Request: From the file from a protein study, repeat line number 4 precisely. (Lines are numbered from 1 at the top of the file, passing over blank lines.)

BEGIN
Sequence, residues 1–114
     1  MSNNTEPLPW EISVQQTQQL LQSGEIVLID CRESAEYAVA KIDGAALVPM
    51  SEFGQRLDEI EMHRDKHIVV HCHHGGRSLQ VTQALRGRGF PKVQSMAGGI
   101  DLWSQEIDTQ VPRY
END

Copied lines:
   101  DLWSQEIDTQ VPRY